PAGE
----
For some odd reason, North Carolina is at the epicenter of the debate regarding the ethics of cloud computing. There’s an opinion in the comment period now awaiting final approval.
The concern with the cloud is security. Will client data be safe?
The answer is, of course, that our client data won’t be safe.
Why? Because most law firms let lawyers pick their own passwords.
What do they pick?
Randolph21 (or something like that). They use it on every site they visit.
When the system forces them to change their password, they change it to Randolph22.
Then Randolph 23.
You can build the most amazingly secure system on the planet, but if you leave it up to Randolph to set the password, then the game is OVER.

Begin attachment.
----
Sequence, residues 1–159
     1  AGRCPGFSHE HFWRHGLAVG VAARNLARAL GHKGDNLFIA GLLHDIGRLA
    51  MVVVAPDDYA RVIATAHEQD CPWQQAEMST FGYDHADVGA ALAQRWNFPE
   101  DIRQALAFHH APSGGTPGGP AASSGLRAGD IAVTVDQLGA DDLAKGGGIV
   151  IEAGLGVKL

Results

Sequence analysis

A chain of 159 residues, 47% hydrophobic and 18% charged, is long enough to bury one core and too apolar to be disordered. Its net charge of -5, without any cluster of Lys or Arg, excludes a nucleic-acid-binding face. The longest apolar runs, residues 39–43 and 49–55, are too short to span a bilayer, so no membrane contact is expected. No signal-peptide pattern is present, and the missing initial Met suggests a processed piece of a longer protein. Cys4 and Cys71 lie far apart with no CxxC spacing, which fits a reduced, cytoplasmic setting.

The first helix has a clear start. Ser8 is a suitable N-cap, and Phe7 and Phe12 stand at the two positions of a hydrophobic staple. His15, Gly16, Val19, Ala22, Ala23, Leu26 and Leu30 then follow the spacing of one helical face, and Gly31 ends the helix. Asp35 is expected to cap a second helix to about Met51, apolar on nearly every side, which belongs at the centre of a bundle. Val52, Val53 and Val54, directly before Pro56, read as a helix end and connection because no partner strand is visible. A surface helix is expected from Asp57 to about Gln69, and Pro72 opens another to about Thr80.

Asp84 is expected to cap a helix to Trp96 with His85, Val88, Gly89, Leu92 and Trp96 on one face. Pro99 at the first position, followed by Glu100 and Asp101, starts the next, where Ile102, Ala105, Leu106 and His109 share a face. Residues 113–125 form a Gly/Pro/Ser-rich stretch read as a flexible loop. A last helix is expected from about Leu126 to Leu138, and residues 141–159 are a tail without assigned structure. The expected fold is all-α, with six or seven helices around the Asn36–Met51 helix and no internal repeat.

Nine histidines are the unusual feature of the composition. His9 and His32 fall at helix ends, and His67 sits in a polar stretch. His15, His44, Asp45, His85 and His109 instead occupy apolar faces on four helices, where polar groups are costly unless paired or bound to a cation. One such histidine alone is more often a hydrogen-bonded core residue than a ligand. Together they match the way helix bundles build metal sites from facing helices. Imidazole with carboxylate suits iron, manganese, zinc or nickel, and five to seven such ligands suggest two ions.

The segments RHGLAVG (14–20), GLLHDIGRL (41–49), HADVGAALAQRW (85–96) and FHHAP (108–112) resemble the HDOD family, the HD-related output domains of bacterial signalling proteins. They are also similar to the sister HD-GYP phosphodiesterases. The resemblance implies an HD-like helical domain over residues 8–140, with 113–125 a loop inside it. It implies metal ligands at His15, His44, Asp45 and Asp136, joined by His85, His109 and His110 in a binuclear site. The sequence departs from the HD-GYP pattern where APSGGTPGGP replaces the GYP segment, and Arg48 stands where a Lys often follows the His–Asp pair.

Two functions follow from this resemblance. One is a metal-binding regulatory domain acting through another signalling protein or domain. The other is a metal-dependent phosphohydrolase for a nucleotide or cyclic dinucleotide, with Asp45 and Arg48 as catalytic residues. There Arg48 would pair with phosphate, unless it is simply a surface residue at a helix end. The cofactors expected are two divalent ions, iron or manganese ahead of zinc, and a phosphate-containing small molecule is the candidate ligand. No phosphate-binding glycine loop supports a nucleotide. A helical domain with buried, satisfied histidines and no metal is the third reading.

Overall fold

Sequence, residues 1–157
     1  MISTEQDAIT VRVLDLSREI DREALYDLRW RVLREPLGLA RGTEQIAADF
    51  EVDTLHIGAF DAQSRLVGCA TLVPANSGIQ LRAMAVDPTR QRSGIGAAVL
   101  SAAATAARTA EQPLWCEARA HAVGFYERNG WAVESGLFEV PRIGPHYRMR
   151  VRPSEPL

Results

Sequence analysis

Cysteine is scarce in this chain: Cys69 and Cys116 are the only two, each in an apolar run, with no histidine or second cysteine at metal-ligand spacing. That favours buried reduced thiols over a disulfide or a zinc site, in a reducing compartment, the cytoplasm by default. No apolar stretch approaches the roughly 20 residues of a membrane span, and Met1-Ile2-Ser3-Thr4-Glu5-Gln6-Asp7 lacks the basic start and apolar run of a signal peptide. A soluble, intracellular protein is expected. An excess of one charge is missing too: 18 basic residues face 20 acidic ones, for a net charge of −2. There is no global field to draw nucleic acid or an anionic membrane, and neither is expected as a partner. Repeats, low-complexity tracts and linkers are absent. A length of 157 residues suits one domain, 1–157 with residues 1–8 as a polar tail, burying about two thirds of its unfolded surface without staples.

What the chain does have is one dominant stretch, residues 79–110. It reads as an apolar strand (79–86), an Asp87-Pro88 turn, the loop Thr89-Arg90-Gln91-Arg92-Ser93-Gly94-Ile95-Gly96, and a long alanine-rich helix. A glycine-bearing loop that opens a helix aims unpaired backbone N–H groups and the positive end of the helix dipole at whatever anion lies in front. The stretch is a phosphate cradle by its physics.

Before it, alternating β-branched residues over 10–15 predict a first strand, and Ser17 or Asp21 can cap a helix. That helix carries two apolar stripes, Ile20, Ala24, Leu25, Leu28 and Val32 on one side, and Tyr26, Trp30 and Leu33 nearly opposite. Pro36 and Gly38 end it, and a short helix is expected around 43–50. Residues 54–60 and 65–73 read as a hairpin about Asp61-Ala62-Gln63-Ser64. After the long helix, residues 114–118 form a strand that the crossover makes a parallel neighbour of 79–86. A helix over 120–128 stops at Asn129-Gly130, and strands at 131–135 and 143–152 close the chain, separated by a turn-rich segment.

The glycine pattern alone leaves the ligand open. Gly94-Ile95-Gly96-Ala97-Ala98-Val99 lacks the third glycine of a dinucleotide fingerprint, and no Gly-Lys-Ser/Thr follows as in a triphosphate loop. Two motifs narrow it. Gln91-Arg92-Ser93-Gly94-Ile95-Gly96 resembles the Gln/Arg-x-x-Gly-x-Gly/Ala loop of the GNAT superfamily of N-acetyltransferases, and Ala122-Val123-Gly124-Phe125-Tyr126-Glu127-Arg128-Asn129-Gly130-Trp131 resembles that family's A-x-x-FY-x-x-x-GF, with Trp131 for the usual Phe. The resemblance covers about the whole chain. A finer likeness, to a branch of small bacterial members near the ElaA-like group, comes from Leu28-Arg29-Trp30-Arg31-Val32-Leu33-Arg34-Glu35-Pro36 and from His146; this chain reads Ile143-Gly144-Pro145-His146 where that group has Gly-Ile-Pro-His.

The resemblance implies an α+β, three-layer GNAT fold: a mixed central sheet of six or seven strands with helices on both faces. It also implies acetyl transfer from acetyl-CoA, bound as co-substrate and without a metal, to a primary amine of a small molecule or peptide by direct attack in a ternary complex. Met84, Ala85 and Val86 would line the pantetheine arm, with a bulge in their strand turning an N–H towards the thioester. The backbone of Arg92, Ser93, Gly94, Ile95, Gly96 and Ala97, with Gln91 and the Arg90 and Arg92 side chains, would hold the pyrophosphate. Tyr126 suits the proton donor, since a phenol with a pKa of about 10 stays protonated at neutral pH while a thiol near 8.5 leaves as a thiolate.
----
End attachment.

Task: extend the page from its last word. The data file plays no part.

Of course, this isn’t just a problem for the cloud. It’s the same issue for the system in your office if it’s accessible from outside (and inside if someone decides to break in). If you’re using a remote desktop of any variety, you’re opening up the door if you don’t have decent passwords.
My preferred approach is to use software that remembers my passwords for me and is itself password protected. I’m using¬†LastPass. I use 18-character passwords containing uppercase and lowercase letters, numbers, and symbols. It’s easy to use, and it works on my computer and phone.
If you’re really worried about protecting your client’s data, then start with the basics.
Do you hear me, Randolph?